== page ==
So what’s the deal with the shadowy Blue Whale “suicide challenge” that can apparently brainwash a young ‘gamer’ into killing themselves? It is said that this “game” can reach a young teenager on social media sites if they endorse certain hashtags and get involved in some groups. When the player signs up for the game, she or he is assigned an administrator who provides them with a daily task to complete for 50 days, of which they must send photographic proof of completion. These tasks are initially simple enough, such as watching a horror movie or waking up at odd times but eventually they are told to inflict harm upon themselves. But on the 50th and final day, they are asked to kill themselves. Those who get cold feet are threatened that the administrator possesses all their information and would bring harm to them or their loved ones.  The claim is that the “Blue Whale” game has been responsible for more than 130 suicides in Russia. Many yougsters have died playing this game in the U.S. amongst them were Indians, Pakistani’s, Chinese, Russian, Americans, etc.

These daily tasks start off easy — such as listening to certain genres of music, waking up at odd hours, watching a horror movie, amongst many others, and then slowly escalates to carving out shapes on one’s skin, self-mutilation and eventually suicide.

There is still uncertainty over how a participant plays the game. While some say the user has to install some app on their smart phone, others say it’s via social media platforms such as Instagram and Facebook where the administrators get in touch with the participant after those interested throw out postings on social media asking for a “curator”. A number of different hashtags— #bluewhalechallenge, #curatorfindme, #iamwhale — act as signals for the anonymous curators.

It must be noted, however, that there still is no confirmation of the existence of the game, and suicides linked to it are from personal accounts of families/friends of those deceased who claim they have seen their loved ones performing tasks. While reports of suicides linked to the game have surfaced across the globe, authorities claim that the origin appears to be in Russia.

Schools, as well as police officials in Europe and America have begun issuing advisories to parents urging them to be vigilant and to keep an eye out on what their children are sharing on their social media accounts.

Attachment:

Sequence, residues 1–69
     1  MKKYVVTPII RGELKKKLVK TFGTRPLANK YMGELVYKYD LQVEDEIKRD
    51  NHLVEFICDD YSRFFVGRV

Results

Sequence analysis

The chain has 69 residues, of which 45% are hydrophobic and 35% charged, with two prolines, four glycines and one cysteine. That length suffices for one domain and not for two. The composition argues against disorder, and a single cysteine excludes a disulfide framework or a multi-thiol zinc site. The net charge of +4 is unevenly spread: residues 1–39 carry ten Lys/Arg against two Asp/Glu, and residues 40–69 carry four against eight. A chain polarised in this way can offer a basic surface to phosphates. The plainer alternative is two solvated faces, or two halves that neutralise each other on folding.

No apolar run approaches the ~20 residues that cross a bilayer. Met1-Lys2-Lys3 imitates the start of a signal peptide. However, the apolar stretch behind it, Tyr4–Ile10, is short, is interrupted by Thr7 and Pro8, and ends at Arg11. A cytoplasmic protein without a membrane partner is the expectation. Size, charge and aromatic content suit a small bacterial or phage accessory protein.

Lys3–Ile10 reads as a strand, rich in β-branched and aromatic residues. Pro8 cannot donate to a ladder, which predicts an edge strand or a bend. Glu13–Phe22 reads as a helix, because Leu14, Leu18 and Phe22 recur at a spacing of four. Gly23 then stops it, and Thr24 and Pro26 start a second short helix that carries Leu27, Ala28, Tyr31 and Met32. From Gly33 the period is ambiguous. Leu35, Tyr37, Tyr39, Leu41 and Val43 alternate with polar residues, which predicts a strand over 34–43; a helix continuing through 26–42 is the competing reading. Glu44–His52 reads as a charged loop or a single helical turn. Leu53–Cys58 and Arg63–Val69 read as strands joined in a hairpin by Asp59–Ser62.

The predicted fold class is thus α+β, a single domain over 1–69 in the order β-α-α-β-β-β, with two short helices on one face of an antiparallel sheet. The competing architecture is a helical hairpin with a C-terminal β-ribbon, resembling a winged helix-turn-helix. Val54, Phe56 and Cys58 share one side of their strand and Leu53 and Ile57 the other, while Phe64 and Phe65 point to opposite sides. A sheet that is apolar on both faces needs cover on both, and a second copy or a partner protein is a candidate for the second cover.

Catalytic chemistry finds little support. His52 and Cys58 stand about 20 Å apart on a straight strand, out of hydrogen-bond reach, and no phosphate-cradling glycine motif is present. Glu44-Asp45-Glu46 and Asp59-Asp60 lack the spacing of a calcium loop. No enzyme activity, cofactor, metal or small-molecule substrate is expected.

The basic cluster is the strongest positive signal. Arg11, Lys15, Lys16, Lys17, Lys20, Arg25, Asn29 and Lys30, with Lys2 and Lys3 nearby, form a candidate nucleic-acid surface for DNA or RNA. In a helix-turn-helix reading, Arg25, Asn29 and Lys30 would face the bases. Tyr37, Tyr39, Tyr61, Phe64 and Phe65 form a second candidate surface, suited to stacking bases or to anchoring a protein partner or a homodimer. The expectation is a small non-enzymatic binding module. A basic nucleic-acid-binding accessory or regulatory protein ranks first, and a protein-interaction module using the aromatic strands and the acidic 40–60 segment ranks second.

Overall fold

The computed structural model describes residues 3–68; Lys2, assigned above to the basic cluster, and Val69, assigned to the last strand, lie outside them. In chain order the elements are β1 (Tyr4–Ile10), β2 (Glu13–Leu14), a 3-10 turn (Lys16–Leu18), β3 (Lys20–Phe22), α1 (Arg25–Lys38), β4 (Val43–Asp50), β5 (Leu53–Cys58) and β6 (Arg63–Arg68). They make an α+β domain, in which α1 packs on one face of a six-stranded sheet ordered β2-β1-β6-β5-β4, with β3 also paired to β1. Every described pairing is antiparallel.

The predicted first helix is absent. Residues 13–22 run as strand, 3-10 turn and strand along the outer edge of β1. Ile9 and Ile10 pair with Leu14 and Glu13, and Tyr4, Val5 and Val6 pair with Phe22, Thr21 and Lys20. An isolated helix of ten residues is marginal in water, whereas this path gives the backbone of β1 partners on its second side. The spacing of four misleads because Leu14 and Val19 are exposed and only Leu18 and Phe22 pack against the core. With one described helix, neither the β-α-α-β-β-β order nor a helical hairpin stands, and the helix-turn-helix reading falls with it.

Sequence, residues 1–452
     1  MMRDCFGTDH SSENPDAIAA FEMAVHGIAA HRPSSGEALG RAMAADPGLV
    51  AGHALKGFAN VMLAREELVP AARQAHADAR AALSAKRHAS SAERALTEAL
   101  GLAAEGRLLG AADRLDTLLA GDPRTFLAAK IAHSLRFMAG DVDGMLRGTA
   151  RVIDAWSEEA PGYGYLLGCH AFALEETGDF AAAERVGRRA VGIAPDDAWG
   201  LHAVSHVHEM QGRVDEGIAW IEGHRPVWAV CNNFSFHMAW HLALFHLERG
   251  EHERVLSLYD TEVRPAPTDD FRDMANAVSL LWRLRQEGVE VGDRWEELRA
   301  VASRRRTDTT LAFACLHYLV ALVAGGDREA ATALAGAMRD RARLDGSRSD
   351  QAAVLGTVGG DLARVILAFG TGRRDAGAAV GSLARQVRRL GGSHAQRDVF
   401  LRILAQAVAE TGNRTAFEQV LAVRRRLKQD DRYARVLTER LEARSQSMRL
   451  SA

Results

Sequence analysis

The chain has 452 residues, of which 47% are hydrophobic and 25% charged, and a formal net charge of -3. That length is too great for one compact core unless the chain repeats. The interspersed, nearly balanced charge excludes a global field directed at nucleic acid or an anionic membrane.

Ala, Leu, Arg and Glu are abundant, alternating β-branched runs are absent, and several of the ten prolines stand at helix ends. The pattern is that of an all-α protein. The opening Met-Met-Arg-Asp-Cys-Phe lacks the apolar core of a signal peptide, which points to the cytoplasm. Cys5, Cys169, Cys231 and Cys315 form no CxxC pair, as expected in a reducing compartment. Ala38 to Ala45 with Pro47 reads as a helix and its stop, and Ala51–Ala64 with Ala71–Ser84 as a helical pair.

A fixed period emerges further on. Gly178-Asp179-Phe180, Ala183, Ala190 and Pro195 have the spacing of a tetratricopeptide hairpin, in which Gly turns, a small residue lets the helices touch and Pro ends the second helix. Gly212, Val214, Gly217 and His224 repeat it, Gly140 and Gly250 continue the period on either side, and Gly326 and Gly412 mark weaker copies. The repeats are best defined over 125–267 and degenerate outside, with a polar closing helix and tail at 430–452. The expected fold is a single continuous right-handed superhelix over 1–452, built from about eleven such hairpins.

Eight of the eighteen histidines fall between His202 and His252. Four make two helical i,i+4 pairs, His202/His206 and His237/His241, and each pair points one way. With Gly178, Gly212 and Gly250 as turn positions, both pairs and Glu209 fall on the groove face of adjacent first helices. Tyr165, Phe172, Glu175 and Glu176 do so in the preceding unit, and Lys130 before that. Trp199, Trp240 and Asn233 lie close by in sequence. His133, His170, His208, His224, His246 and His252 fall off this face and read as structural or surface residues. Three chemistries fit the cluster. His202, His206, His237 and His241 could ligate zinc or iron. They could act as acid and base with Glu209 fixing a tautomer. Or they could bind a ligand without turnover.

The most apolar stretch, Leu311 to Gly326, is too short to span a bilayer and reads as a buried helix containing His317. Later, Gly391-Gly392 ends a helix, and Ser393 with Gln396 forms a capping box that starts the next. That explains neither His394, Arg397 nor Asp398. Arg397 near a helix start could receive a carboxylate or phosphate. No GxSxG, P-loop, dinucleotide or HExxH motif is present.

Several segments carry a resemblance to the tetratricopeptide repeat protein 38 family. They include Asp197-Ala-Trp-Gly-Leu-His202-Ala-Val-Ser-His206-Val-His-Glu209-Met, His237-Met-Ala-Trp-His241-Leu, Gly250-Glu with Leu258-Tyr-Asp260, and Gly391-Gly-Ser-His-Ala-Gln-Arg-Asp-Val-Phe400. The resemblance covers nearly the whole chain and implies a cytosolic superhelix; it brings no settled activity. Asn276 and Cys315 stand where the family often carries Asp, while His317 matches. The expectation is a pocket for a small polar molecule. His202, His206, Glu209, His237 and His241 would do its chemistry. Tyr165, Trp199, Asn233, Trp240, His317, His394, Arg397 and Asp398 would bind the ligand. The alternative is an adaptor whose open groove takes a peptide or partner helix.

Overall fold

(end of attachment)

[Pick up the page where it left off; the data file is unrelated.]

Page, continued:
Most teenagers (and adults) of sound mind with a supportive network at home and at school, are unlikely to stumble upon this “game” or be brainwashed by it. The problem they thrive on is one of vulnerability to self-harming behaviour and suicidal thoughts among emotionally-or-socially marginalised adolescents — which sadly is a trans-border phenomenon.

The situation of youth around the globe is well reflected in the book named “Udaas Naslain” by Abdullah Hussain (late) where he articulated his thought skilfully about the metal health and well-being of our young generation. The current and next generations are the descendants of virtual war era, the damage of which is less realized. Teenager’s exposure to unnecessary information has made it even more challenging.

The hysteria surrounding the Blue Whale “suicide game” needs to be re-focused on issues of adolescent depression that invite it. Addressing the root causes of vulnerability of young adolescents and talking to them about such harmful groups and what they contain is perhaps a better defence against the Blue Whale game and co, rather than getting caught a panic of half-baked sensational reports. Teenagers and students need to know how to support each other and whom to unconditionally turn for help when concerned.


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